'Strong Offense,' New Products Give Juniper Q1 Boost

And that proved true in the Sunnyvale, Calif.-based networking vendor's first quarter, during which Juniper made several strategic offensive moves to close the competition gap and retain its spot as a key contender in the networking realm.

"We are building a broad portfolio of offerings that enable customers to embrace the new network," Juniper CEO Kevin Johnson said Tuesday on Juniper's first quarter earnings call, adding that Juniper is "playing offense" in going after market opportunities.

Juniper posted first quarter revenue to $1.1 billion, a jump of 21 percent year over year, but a slide of 7 percent from the fourth quarter. Juniper's first quarter beat its projected $1.06 billion and fell in line with Wall Street expectations.

The company reported net income of $129.8 million for the quarter, compared with a profit of $163.1 million a year ago.

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That new network, Johnson said, will focus heavily on the mobile Internet and cloud computing, two areas on which Juniper focused heavily during the first three months of the year, with the launch of a host of key products. Those products included its MobileNext mobile packet core, formerly known as Project Falcon, and the official launch of its QFabric next-generation data center architecture, once known as Project Stratus.

Meanwhile, Juniper's Junos Pulse Mobile Security Suite, which the company unveiled in late 2010, is seeing traction in both the enterprise and service provider space, and the recent selection of Junos Pulse by Canadian service provider and carrier Telus.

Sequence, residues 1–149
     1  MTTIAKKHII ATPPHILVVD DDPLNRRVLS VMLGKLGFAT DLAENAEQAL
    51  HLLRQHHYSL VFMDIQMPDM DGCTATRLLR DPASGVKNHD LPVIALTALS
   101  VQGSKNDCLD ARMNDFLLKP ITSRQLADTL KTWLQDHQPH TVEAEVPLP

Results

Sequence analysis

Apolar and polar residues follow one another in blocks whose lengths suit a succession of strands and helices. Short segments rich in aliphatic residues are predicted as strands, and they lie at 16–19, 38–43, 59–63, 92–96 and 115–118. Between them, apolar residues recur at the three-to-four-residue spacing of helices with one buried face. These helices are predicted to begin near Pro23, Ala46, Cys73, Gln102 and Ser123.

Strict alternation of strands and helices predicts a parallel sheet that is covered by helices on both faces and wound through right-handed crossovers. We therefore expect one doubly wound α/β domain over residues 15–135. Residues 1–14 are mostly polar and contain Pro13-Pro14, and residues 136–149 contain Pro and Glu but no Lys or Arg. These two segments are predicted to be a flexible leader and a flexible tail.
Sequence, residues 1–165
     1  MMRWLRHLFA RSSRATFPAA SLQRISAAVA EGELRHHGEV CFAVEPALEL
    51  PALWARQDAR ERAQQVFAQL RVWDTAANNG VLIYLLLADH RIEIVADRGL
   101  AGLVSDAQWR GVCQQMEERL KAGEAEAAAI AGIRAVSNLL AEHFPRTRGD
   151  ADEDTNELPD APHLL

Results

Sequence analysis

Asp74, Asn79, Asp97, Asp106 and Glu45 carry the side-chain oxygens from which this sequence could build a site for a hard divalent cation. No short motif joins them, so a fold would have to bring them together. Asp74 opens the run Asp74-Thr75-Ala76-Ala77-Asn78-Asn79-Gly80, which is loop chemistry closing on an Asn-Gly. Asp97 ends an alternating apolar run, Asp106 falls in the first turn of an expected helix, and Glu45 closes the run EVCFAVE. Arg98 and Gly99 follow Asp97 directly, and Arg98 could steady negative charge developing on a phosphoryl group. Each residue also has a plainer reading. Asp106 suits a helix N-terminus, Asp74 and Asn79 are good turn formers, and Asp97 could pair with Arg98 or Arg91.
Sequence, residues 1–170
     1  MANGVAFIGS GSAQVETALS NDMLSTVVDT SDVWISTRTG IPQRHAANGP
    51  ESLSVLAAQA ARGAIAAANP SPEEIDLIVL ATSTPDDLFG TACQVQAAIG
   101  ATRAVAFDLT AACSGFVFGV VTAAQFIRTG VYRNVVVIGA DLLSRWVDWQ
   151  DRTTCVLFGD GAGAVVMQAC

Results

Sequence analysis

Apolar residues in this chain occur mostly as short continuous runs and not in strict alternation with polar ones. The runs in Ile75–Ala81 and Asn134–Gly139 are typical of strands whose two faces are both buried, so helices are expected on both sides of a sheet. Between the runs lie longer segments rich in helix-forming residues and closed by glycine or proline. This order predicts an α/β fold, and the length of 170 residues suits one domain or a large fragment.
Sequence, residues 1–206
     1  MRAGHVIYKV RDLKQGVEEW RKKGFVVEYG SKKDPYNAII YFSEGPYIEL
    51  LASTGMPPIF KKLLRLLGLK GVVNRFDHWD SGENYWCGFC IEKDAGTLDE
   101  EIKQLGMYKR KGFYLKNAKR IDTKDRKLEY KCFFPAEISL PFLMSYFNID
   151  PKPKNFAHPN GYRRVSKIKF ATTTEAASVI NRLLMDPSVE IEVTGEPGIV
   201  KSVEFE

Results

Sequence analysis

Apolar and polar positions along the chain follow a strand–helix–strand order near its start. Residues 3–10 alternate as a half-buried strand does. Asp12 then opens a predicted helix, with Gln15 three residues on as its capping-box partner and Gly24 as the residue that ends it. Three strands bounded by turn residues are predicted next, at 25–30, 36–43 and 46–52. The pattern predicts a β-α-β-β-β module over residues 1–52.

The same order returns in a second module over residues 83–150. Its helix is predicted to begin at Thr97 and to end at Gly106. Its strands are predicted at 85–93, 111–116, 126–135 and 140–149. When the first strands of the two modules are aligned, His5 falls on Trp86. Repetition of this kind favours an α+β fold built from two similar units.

The strong performance of new and recent product line additions outweighed some of the poor quarterly performance from Juniper product sets like the EX switching line and the SRX Series Services Gateways.

Those new product plays, plus a pair of strategic acquisitions last year that are now coming to fruition -- the Trapeze takeover, which gets Juniper into the wireless networking space; and the Altor acquisition, which fully integrates Juniper into data center security -- have Juniper primped and pumped with the momentum to compete with the likes of Cisco and HP in 2011.

Roughly two-thirds of Juniper's revenue comes through the service provider segment, which generated about $742 million, while its enterprise offerings saw revenue of roughly $359 million for the first quarter. Geographically, Juniper's sales grew across the board, seeing steady increases in North America; Europe, the Middle East and Africa; and Asia Pacific.

Quarter-over-quarter, Juniper added 315 employees across all departments, but Johnson said its heavy focus on partners and sales personnel will help Juniper execute on its vision. In the first quarter, Juniper added of a host of new top tier staffers to its executive ranks, including a few key players plucked from Cisco.

According to Johnson, the timing of the earthquake in Japan had a minimal impact on Juniper's first quarter financial results, but Juniper is "guarded" heading into the second quarter as Japan represents about 5 percent to 8 percent of junipers revenue where Juniper does strong enterprise business.

Juniper is also cautiously eyeing service provider consolidation, but Johnson said that Juniper likely won't suffer any near term impact in demand.

With those two market forces in mind, Juniper estimated second quarter revenue will range from $1.13 billion to $1.18 billion; a year-over-year increase of roughly 16 percent to 21 percent.

"We're clear on our strategy. We are focused on the domain of networking," Johnson said, later adding "execution is key."